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Has 3-D already failed?

Friday | August 28, 2009   open printable version open printable version

bulk_3d_glasses

Kristin here–

Years ago, James Cameron announced that his upcoming film, Avatar, would only be released to theaters capable of showing it in 3-D. Since then, he has proselytized fervently at trade shows and fan cons, hoping that Avatar would be such a blockbuster that exhibitors would finally decide to make that expensive leap and invest to convert their auditoriums to add 3-D.

Many commentators seemed to assume that Cameron’s saying such a thing would make it so. Here’s what Popular Mechanics opined only a little over a year ago:

Cameron’s insistence on 3-D projection will likely force the industry to ramp up the installation of 3-D technology dramatically. “Cameron is going to be able to bully theaters into compliance,” says former Premiere magazine critic Glenn Kenny. “He’s got the clout, and he’s got the mojo to do it. Everybody is going to want his next film.”

Avatar will need about 4,000 screens for a 3-D-only release, estimates Doug Darrow, manager of DLP brand and marketing at Texas Instruments, which makes the chips that power theatrical 3-D projectors. Of course, once the Avatar-inspired infrastructure is in place, other 3-D-only releases will follow.

The problems with conversion are manifest. Number one is the expense. 3-D systems are digital, so first the theater owner must convert from 35mm projectors to digital. 3-D is an add-on system that entails additional expenditure. A digital conversion alone costs over $100,000, about five times the cost of a 35mm platter projector. Right now most “D” theaters have 2K projection, but 4K is gradually being introduced for both shooting and showing. (Che and District 9 were shot mostly on 4K.) What theater owner wants to buy an expensive projector that will be obsolete within a few years? And what was supposed to be the breakthrough year for 3-D sees us at what may be the bottom of a huge financial crisis. It has slowed down an already laggardly process.

Among commentators, there’s apparently a lot of support for Cameron’s position. This year, coverage of Avatar has been considerable and has mostly echoed his prediction that this is the future of cinema. Geeks who tend to love special-effects-heavy sci fi and fantasy films also tend to long for all of those films to be 3-D. Star Wars and The Lord of the Rings cannot be converted into 3-D fast enough for them. They run websites to express their fervor and to report every new technical innovation and every rumor about a future film perhaps being made in 3-D.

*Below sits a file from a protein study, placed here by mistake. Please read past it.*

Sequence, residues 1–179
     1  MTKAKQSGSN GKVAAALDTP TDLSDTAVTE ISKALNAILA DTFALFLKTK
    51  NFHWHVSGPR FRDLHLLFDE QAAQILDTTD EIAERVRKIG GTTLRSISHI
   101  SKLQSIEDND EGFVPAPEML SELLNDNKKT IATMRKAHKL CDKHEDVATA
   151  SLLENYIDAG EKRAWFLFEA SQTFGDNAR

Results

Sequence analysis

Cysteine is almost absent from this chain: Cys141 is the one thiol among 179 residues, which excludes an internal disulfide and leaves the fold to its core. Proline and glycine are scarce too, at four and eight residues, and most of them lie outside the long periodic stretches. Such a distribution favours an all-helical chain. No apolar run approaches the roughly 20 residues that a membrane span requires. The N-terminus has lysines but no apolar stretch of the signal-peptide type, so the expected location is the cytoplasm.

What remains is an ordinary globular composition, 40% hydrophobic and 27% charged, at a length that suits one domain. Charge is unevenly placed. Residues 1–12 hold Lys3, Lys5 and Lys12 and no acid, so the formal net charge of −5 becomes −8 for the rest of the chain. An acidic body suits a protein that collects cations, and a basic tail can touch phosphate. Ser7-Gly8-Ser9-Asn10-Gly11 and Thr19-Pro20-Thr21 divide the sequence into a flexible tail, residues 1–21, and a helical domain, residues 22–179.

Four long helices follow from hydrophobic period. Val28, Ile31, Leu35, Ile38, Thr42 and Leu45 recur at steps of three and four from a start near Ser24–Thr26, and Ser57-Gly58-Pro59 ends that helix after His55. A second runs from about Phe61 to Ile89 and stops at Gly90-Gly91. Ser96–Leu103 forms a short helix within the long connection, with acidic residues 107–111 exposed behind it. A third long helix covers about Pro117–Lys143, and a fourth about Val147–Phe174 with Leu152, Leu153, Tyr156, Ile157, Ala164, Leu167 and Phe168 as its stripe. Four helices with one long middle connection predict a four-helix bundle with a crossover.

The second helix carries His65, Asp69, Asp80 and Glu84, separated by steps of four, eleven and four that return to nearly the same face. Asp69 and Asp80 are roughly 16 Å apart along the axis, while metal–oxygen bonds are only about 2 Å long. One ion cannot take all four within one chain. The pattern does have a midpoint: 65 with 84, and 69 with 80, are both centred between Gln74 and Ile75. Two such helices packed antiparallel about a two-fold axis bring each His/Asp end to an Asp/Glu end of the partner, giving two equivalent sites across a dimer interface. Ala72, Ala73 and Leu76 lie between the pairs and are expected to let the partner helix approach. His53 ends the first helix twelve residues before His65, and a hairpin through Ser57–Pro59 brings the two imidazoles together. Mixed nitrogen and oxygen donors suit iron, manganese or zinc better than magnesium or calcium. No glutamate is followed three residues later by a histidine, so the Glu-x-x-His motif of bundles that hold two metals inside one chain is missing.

I’ll admit that the signs that 3-D is finally going to become a routine and frequent method for making and exhibiting films are clearer than ever this year. More theater chains are announcing conversion to digital projection after years of resistance. More films in 3-D, and good films, are appearing, like Coraline and Up. And I have to admit that I enjoyed Monsters vs. Aliens more than its tepid reviews had suggested I might.

But there are negative signs as well. Perhaps most notably, the major proponents of 3-D, after years of berating the exhibition wing of the industry for its slow adoption of digital and 3-D technology, are still berating it. Jeffrey Katzenberg, who had announced that all Dreamworks Animation features would henceforth be made in 3-D, is one such complainer. Cameron is another. As of now, roughly 320 of the U.K.’s 3600 screen are digital—which doesn’t entail that all have 3-D capacity. In the U.S. it’s 2500 out of 38,000.

These days, a major blockbuster may open on 4000 screens or more. Given Avatar’s massive budget, rumored at $237 million (not counting prints and advertising), Twentieth Century Fox couldn’t settle for showing only in 3-D, even if every properly equipped screen in the country showed it.

The recent theatrical free previews of scenes from Avatar in 3-D have renewed the claims that this approach is the future. Yet some commentators are cautious about that claim. The Guardian quotes Louise Tutt, deputy editor of Screen International: “It seems a little overambitious,” she says. “A little over-enthusiastic. I mean, take a film like 4 Months, 3 Weeks and 2 Days – who needs to see that in 3-D? So no, I don’t believe it will happen.” She sighs. “But then who am I to contradict James Cameron?”